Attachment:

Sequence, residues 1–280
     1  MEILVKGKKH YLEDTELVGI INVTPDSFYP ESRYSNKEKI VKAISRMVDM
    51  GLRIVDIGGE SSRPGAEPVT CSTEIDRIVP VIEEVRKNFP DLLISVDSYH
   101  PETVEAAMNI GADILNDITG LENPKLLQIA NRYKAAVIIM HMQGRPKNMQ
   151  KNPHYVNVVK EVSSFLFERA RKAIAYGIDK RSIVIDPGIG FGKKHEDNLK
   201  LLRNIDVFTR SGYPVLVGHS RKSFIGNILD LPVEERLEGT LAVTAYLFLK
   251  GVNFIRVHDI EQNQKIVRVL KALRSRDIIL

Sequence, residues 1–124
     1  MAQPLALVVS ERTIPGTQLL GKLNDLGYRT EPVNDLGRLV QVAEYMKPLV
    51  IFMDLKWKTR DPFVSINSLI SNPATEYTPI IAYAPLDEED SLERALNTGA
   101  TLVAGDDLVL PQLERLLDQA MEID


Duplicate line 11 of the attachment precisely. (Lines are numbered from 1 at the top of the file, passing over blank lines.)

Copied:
   101  TLVAGDDLVL PQLERLLDQA MEID